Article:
3. @Value Property Placeholder Syntax @Value("${...}") with List of values

@Value("${...}") can be used to inject list values from properties file at runtime. Consider the properties file below:

#application.properties
my.weekdays=Mon,Tue,Wed,Thu,Fri

and in the Java file

@Value("${my.weekdays}")
private List<String> strList; // injects [Mon, Tue, Wed, Thu, Fri]

//Providing default value
@Value("${my.weekends:Sat,Sun,Fri}")
private List<String> strList2; // injects [Sat, Sun, Fri]

4. @Value Spring Expression Language Syntax @Value("#{${...}}") with Map (key-value pair)

@Value("#{${...}}") can be used to inject map (key-value) pair from properties file at runtime. The example below shows how to do this:

#application.properties
database.values={url:'http://127.0.0.1:3306/', db:'mySql', username:'root', password:'root'}

We can use SpEL as follows to inject the database.values property.

package com.habeebcycle.springvalueannotation.controller;

import org.springframework.beans.factory.annotation.Value;
import org.springframework.web.bind.annotation.GetMapping;
import org.springframework.web.bind.annotation.RestController;

import java.util.Map;

@RestController
public class ValueController {

    @Value("#{${database.values}}")
    private Map<String, String> dbValues;

    @GetMapping("")
    public Map getDBProps(){
        return dbValues;
    }
}

Hitting endpoint http://localhost:8080 will return the following output

{
  "url": "http://127.0.0.1:3306/",
  "db": "mySql",
  "username": "root",
  "password": "root"
}

To use the default value in case the property name is not found on the properties file.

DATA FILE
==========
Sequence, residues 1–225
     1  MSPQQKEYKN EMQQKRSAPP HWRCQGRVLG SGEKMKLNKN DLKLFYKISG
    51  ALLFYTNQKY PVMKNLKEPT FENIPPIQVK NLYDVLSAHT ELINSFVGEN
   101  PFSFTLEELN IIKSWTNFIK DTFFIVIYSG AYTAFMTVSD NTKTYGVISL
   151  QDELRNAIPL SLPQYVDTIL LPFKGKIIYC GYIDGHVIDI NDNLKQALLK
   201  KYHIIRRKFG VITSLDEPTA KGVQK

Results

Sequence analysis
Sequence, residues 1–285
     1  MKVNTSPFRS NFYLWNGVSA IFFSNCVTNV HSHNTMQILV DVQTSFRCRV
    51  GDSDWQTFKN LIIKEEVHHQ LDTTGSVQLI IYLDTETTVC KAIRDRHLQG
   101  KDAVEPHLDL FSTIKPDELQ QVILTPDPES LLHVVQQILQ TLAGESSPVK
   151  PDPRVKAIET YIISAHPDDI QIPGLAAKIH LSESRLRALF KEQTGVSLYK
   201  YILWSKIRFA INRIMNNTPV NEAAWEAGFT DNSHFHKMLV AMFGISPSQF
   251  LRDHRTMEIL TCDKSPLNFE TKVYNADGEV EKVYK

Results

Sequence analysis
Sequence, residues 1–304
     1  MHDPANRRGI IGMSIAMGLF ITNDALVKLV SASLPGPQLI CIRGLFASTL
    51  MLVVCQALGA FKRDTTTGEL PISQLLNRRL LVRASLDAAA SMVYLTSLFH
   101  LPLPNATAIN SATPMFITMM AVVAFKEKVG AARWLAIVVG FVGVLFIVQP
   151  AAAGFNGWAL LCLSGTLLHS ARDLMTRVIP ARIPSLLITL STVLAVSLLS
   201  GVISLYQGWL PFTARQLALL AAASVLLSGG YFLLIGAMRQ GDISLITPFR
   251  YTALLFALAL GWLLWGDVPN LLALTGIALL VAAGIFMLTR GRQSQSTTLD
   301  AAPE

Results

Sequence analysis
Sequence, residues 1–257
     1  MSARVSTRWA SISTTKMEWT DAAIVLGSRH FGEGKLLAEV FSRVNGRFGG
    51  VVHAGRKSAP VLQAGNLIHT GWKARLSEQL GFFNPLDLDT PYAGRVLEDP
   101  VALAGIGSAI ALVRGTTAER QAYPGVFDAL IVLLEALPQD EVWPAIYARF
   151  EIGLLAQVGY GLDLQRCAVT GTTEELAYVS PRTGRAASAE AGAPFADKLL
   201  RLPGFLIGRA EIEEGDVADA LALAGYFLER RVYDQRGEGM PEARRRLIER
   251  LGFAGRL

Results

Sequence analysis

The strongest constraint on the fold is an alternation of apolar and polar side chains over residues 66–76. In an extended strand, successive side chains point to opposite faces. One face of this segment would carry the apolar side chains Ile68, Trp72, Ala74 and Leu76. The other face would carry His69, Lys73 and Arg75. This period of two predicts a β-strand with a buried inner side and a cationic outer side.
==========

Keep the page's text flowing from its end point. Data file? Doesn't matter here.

@Value("#{${database.values: {url: 'http://127.0.0.1:3308/', db: 'mySql', username: 'root', password: ''}}}")
private Map<String, String> dbValues;

When database.values property is not defined in the properties file, the default map {url:'http://127.0.0.1:3308/', db:'mySql', username:'root', password:''} will be injected to the variable dbValues at runtime.

5. @Value Construction Injection with @Value("${...}")

@Value can be used with constructor parameter and then in constructor injection, Spring will inject value specified by @Value annotation. Suppose we have the following properties in the properties file.

#application.properties

company.name= Scopesuite Pty ltd
#company.location= Sydney

We can use @Value annotation during construction as follows

package com.habeebcycle.springvalueannotation.service;
import org.springframework.stereotype.Service;
@Service
public class CompanyService {
   private String compName;
   private String location;

   public CompanyService(@Value("${company.name}") String compName,
    @Value("${company.location:Washington}") String location){

       this.compName = compName;
       this.location = location;
   }
   ------
}

In the above constructor, the first argument will be injected using the value from the properties file. If the property key for the second argument is not found, the default value will be injected.

Posted on Mar 1 by:

habeebcycle profile

Habeeb Okunade

@habeebcycle

Software development professional. Loves sharing knowledge and learning the latest tech stacks. Expertise in microservices architecture using spring boot, a full-stack engineer using Java and ReactJS

Discussion

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This was super helpful and well formatted! Thanks!

 

@Value can not be used with YAML list syntax?